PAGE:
An end to fuel supplies could cripple hospitals, halt food deliveries and keep people home from work - a devastating scenario for an economy already ravaged by Israeli and international sanctions.
Right. The "economy" has been "ravaged" by Israeli sanctions. It's nothing whatever to do with the fact that Arafat and his friends - and that includes the current President, the Holocaust-denying, walking Hamas assassination target, Mahmoud Abbas - have spent the last fifteen years shipping everything that's not nailed down (and if they can pry it loose, it's not nailed down) out of the country. Which, as of the last AP report, was the reason that Hamas got elected in the first place, not their hostility to Israel, if you remember.
Reuters reports that in a survey of ten countries, citizens of the U.S. and England have a low regard for the media.
Britain may have a sophisticated media industry but it also has some of the most sceptical consumers, with nearly two-thirds (64 percent) believing the media does not report all sides of the story.
A 10-country opinion poll for Reuters, the BBC and the Media Centre found British and U.S. consumers out on a limb when it comes to public levels of trust in the media.
Overall trust in the media in Britain has bounced back over the past four years, from a low of 29 percent trusting in 2002 to 47 percent today. But this is still below the 10-country average of 63 percent.
Reuters organized a panel discussion between a blogger, journalists, and a U.S. military spokesman. They couldn't agree on much, except that the coverage of Iraq is either too positive or too negative.
U.S. media coverage of Iraq is too polarized between "good news" and "bad news" and all sides are missing out on a complete picture, participants in a panel discussion organized by Reuters said on Wednesday.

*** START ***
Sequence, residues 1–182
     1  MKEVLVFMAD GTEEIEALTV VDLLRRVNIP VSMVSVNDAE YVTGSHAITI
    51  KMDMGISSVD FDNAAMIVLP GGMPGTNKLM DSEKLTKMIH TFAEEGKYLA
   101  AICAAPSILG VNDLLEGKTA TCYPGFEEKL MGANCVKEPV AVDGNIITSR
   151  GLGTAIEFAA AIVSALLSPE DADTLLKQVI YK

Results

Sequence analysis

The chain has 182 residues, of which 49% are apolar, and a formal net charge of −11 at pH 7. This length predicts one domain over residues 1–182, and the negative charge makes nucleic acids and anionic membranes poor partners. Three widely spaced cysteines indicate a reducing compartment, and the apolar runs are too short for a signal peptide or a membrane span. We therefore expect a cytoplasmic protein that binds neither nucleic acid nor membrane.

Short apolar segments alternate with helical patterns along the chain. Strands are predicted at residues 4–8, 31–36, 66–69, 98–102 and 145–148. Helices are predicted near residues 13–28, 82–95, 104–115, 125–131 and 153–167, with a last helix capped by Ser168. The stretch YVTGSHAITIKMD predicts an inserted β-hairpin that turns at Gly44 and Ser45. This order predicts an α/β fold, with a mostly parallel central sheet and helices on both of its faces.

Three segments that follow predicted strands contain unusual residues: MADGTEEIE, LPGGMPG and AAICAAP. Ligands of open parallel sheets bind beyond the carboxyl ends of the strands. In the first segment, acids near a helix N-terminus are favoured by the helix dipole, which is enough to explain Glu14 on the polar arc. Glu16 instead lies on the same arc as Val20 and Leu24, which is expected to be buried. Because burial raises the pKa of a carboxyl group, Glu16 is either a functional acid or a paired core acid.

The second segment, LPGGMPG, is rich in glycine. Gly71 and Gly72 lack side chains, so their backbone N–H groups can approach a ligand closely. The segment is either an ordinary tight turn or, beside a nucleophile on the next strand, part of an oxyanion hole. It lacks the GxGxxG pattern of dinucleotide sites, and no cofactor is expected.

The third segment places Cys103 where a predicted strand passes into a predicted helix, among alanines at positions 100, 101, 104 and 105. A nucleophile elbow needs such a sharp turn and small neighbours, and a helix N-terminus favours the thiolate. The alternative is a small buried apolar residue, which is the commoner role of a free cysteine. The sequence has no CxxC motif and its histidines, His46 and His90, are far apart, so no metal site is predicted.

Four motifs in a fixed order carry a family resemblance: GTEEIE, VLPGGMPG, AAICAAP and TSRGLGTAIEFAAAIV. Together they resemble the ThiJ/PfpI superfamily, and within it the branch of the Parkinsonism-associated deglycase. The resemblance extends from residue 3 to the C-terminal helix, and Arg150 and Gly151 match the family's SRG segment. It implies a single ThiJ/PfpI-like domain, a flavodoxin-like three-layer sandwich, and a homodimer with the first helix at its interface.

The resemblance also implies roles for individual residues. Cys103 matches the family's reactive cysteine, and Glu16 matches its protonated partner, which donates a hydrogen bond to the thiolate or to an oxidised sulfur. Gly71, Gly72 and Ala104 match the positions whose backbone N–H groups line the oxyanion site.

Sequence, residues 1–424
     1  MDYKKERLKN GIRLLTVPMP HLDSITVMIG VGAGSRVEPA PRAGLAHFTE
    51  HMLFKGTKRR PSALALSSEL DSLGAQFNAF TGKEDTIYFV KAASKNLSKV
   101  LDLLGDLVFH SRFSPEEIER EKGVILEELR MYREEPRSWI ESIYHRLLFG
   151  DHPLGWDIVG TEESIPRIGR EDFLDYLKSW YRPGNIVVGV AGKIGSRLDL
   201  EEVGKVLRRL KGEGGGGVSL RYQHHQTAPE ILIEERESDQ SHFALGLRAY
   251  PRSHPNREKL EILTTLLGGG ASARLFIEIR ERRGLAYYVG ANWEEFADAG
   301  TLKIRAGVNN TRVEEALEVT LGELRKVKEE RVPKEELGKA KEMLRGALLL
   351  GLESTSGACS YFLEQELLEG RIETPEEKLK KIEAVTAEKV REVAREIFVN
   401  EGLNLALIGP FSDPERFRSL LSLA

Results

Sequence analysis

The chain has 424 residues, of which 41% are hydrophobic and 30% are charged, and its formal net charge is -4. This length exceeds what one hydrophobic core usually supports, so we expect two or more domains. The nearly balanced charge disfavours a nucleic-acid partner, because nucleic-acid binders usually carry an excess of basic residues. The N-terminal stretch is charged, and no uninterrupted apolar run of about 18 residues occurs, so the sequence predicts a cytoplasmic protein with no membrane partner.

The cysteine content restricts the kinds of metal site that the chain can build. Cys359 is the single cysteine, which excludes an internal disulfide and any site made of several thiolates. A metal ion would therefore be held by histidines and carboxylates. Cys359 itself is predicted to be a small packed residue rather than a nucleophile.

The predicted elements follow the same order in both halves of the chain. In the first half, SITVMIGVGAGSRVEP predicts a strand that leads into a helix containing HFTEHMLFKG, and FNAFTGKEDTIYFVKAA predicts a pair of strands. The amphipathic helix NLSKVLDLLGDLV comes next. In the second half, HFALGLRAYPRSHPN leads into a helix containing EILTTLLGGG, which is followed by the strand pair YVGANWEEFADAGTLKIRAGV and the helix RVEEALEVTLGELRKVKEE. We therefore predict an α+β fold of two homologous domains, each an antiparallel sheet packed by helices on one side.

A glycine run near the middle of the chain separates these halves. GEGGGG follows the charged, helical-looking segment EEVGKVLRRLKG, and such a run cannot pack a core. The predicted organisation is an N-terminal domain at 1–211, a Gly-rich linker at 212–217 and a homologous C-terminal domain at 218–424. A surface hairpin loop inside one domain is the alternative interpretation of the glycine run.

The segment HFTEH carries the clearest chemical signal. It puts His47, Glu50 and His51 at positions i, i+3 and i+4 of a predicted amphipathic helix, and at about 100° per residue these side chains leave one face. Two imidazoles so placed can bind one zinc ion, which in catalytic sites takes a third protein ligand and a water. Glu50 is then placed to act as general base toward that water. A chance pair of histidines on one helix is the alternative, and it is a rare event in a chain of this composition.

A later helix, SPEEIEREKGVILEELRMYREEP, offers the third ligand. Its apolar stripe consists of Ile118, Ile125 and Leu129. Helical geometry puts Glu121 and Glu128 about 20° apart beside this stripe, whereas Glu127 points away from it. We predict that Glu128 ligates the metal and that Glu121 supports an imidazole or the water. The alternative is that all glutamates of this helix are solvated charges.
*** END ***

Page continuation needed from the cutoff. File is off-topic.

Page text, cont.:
That was one of the few points of agreement between journalists, a professional blogger and a U.S. military spokesman gathered in New York to discuss media in Iraq.
"If you write a 'good news' story from Iraq you are immediately identified as an apologist for the administration ... and if you write something critical then you're in the other camp," said Roger Cohen, a columnist for the International Herald Tribune who was recently in Iraq.
Today's starters: Keeping with its tradition of political fairness and neutrality, Middle Tennessee State University is continuing its journalism conference (conference called: Self-Inflicted Wounds — Fact and Fiction in Journalism: Fabrication, Plagiarism and Confidential Sources)--kicked off earlier this week by an address from that paragon of objectivity Al Gore--with a panel discussion featuring Mary Mapes. The session is entitled "Rush to Judgment? The CBS Crisis." Any NB readers in the area?
The big media story of the day, as reported earlier by NB's Mark Finkelstein, is that Katie Couric is headed over to CBS. The NYT and LAT both have good good stories the deal and its implications. Why does Couric's leaving warrant attention, asks one blogger. Another says she won't watch "Today" if it hires "View" co-host Meredith Viera.
President Bush spoke at a Naturalization Ceremony Monday and renewed his call for immigration reform. The transcript of the speech is 5 pages long. The Associated Press and Reuters published less than 8 lines from the entire speech. To add insult to injury, both news organizations used the exact same quotes from the speech. The statements used were included at the end of the speech during the wrap up. They neglected to cite any statements from the speech where the President restated his stance on immigration and laid out his ideas on immigration reform.